# Sorting an int[] array using insertion sort algorithm - follow-up

Previous questions:

I'm currently learning about different sorting algorithms and after reading on the concept of the insertion sort of how it's done I've tried to implement it by myself before seeing how it was implemented in the source from which I'm learning.

This is my implementation:

void insertionSort(int arr[])
{
for(int i = 1; i < SIZE; i++)
{
int value = arr[i];
int j = i;
for(; j > 0; j--)
{
if (value < arr[j - 1])
{
arr[j] = arr[j - 1];
}
else
{
break;
}
}
arr[j] = value;
}
}


Now I think I've implemented it correctly (not talking about efficient or anything just the algorithm itself), but when I saw the way it was implemented in the course I'm seeing I had a bit of concerns about my implementation because they're really different and I just wanted to make sure my implementation is really an insertion sort algorithm implementation and I didn't done anything else.

Here's the implementation by the source I'm learning from:

void insertionSort(int arr[])
{
for(int i = 1;, i < SIZE; i++)
{
int value = arr[i];
int j = i - 1;
int done = 0;
do
{
if (arr[j] > value)
{
arr[j + 1] = arr[j];
j--;
if (j < 0)
done = 1;
}
else
{
done = 1;
}
} while(!done)
arr[j + 1] = value;
}
}


Is my implementation of insertion sort correct ?

Also I would appreciate if you could compare my implementation to the one made by the source I'm learning from, any efficiency differences or any other thing you think would worth mentioning.

• In terms of the algorithm, I would say that it is now an insertion sort, so that is good. As a Java guy, I will stay away from reviewing the implementation though. Sep 8, 2014 at 15:38

Nice job. It looks like you have implemented a correct insertion sort.

The inner loop could be better written: the j > 0 condition is giving an incomplete picture of how the loop terminates.

One other change you should make is to take a size parameter for the array size. Without it, you have a function that only works on arrays of a specific size! If you look at examples of functions in the C library, almost every function that takes an array also takes another parameter to specify its size. Usually, the type of that parameter is an unsigned int, but called size_t to make its purpose clear.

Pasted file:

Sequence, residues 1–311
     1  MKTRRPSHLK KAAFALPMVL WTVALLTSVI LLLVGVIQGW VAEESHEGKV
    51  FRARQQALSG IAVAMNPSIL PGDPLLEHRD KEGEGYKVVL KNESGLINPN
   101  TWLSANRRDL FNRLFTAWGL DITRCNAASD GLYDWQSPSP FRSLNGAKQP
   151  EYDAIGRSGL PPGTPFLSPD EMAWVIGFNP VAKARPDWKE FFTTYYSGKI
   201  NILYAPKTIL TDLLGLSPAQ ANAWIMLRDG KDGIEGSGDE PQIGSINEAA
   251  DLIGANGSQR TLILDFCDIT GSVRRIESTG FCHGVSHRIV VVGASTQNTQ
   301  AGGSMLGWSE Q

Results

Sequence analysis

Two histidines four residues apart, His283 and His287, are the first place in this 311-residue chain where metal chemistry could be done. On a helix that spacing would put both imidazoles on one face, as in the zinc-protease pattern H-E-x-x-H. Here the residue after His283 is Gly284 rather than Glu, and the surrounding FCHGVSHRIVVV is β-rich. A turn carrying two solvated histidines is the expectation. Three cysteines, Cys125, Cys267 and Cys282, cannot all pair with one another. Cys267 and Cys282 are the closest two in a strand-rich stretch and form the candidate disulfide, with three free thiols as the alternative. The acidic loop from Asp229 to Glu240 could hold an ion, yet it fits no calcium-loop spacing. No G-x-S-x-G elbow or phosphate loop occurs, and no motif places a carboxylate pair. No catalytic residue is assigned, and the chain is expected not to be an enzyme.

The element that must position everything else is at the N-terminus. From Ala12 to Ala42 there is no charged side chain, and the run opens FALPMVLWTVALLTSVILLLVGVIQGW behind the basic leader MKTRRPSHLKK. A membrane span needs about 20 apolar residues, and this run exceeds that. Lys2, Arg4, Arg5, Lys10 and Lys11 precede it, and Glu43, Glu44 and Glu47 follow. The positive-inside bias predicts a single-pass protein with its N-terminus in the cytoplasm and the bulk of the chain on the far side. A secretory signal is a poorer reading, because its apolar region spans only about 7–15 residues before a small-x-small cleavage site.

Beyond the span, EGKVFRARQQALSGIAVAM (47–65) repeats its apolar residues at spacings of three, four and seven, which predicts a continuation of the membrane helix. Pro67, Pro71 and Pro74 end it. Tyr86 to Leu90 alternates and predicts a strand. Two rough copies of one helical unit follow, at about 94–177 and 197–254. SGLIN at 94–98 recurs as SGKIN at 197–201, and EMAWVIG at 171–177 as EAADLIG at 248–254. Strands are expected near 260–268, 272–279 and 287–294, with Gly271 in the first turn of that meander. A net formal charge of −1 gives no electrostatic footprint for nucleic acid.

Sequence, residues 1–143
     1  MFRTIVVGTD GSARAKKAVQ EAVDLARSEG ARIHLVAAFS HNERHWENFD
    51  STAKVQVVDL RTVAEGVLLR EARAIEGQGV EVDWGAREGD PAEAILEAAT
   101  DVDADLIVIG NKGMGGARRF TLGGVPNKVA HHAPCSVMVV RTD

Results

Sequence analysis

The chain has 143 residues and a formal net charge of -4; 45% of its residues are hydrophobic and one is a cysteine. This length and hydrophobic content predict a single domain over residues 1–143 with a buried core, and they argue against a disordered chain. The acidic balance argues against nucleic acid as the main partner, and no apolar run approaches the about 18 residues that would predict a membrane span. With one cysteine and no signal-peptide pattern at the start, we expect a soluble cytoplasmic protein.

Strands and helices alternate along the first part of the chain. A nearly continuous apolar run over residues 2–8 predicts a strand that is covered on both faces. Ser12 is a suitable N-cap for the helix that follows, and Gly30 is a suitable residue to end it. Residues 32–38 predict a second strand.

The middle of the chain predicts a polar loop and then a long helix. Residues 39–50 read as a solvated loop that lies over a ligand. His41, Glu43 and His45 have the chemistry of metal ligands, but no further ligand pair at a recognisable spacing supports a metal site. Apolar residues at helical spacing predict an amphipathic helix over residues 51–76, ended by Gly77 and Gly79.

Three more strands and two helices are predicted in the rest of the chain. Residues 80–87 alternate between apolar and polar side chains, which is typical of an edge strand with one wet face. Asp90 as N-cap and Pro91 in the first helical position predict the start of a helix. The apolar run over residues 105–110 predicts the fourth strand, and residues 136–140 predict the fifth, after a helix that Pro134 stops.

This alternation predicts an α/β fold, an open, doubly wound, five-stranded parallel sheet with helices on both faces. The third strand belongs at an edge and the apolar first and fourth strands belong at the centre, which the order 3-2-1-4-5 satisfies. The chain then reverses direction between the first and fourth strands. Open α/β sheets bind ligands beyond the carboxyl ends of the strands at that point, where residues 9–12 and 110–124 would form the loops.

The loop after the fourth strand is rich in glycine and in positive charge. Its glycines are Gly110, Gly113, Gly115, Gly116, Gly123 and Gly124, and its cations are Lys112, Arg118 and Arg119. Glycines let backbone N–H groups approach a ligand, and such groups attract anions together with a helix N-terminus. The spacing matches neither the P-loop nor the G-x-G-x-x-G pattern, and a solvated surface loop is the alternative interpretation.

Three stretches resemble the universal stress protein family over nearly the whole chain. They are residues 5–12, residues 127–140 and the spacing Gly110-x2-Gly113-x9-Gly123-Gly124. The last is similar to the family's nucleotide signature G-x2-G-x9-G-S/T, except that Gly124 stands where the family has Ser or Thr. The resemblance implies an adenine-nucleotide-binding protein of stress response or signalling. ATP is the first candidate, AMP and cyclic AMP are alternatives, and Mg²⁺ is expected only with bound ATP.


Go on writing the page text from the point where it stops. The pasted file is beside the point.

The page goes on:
#include <stdlib.h>

void insertionSort(int arr[], size_t size)
{
for (int i = 1; i < size; i++)
{
int value = arr[i];
int j;
/* Shift elements over by one slot to make way for the insertion */
for (j = i; j > 0 && value < arr[j - 1]; j--)
{
arr[j] = arr[j - 1];
}
arr[j] = value;
}
}


Your implementation is better than the book you're learning from. In fact, I would recommend using a different book, if the code examples are so poor. Specifically, the biggest problem is the done flag. Setting a flag to be inspected by a conditional elsewhere is a cumbersome way to implement flow control. Your break is much more direct and assertive, and I think that my loop condition is even clearer.

• Oh yea I could just add the if to the for condition, thanks. By the way, I see a lot of examples that use names for variables / data structures with names such as xxx_t, what is the t representing ? Sep 8, 2014 at 17:26
• …_t is a POSIX convention for types. Use them, but don't define any …_t of your own. Sep 8, 2014 at 17:29
• You're welcome. Please remember to upvote all answers that you find helpful on the site (as well as any questions that you find interesting). Sep 8, 2014 at 17:30